Monday, 18 February 2013

Tall Masts at Hermitage Moorings

I'd seen these beautiful boats from the opposite shore and had even tried to get a photograph with a zoom lens on my DSLR, but the results were never satisfactory. The day I went on a slow photowalk along the Thames Path riverside walk through Wapping in London, I'd forgotten all about them. So as I left St Katharine Docks and came around the corner to where I could see Hermitage Moorings, I was pleased that I had decided on this route, even if the only camera I had on me was my Canon SX220 HS compact and not my DSLR.

The SX220 is a competent-enough camera for a superzoom compact, the 'super' in this case being a 14x magnification going onto a 12MP sensor. But for this photo, I didn't need to zoom, or not very much, and 12MP is only a little smaller than my Nikon D5100's 14MP. When fully zoomed in Aperture priority mode, this compact camera can show characteristic over-sharpening noise, but in Program mode shooting wide, there's hardly any noise worth mentioning.

Thames sailing barges were used to carry cargo such as bricks, hay and grain along the river. Being flat-bottomed and with a draft of only 3 feet, they were as well suited to shallow waters as to the deeper estuary. They plied the waters, usually with a two-man crew, throughout the 19th century. Today they're more likely to be used for pleasure cruises, parties, business meetings, or as restaurants. Sitting at Hermitage Moorings, they look beautiful enough. When fully rigged, they're stunning, as the photo on Wikipedia shows.

Processing my photo in Lightroom 4.3 and Perfect Effects 4 resulted in a photo that I would be happy to call 'fine art'. And it has me hungry to create more.

Change of Licence


Today, Monday 18th of February 2013, I've started a new set on Flickr titled Fine Art. All photos currently in this set, and all photos placed in that set in the future, are ALL RIGHTS RESERVED. All of my photos prior to today have been published under the Creative Commons Attribution Share-Alike licence and the vast majority of them remain under that licence. Most of the photos I publish in future will also be subject to the same Creative Commons licence.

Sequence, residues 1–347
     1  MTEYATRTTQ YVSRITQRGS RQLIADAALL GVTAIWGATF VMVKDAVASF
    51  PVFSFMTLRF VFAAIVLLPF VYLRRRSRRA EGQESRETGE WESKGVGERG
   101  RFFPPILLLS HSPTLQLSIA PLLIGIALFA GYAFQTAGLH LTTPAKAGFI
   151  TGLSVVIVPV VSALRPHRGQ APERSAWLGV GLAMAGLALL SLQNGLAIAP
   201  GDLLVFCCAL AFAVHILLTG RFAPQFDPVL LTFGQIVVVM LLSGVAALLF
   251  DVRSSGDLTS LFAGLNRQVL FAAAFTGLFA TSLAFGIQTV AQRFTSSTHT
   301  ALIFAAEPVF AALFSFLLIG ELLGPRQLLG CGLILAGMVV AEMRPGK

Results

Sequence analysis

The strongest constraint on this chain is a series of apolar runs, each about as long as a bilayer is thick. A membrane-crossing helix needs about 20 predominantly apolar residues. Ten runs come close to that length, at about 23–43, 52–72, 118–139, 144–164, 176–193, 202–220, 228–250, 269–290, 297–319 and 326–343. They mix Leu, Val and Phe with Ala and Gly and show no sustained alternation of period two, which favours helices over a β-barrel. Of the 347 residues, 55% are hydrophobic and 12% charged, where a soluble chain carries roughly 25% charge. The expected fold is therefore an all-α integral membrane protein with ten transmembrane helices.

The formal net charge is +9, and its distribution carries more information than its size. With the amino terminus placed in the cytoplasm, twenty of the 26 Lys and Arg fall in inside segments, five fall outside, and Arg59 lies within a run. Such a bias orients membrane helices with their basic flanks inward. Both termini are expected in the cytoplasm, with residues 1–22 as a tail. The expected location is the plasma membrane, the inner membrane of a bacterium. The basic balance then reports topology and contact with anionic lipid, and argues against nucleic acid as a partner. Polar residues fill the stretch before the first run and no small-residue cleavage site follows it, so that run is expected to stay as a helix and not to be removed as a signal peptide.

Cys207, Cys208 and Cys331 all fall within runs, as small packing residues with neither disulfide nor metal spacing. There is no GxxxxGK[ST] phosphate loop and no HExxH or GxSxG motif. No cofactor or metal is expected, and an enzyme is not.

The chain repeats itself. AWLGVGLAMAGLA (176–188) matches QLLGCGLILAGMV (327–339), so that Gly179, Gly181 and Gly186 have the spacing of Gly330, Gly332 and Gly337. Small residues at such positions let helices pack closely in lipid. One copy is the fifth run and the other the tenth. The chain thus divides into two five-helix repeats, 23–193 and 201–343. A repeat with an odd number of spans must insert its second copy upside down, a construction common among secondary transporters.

Some of the photos in the Fine Arts set have previously been published under the CC Attribution Share-Alike licence and have changed from today to ALL RIGHTS RESERVED. If you wish to use, or continue to use, any of those photos, please contact me. Other photos previously published under the CC licence will also change as I move them into the Fine Arts set so please contact me if you want to use or continue to use them.

If you're thinking of using any of my photos, please check the licence carefully before doing so. And if you want to use a photo that has been published ALL RIGHTS RESERVED, feel free to email me.

The set can be viewed here.

Monday, 28 January 2013

Can you do serious photo processing on a tablet?

Moored Thames Sailing Barges

Someone on a photography forum asked if it was possible to do photo processing on an iPad. I don't know what software is available for the iPad other than Snapseed but Android has PixlrExpress, Photoshop Touch, AfterFocus, Touch Retouch, and a lot more good photo software, including Snapseed. I was sitting in a WiFi-enabled cafe browsing photography forums at the time so I thought I'd see for myself what is possible.
As well as doing serious photography with my phone I also upload 7 or 8 photos a week to Instagram, Streamzoo, and EyeEm. Since I do this for fun I'm not too fussed about whether the results are good, especially in terms of the technical image quality of the photos. So I thought it was an interesting and useful exercise to see what kind of quality I'd get attempting to edit a 'serious' photo. A great many photo editing apps on Android only save the output image at 800 pixels wide (or less) and don't let you specify the resolution or JPEG compression quality. I've done my research over the last couple of years and I now only use apps that let me save at a resolution that is the same as or near to the phone's native quality of 8MP (3264 x 2448).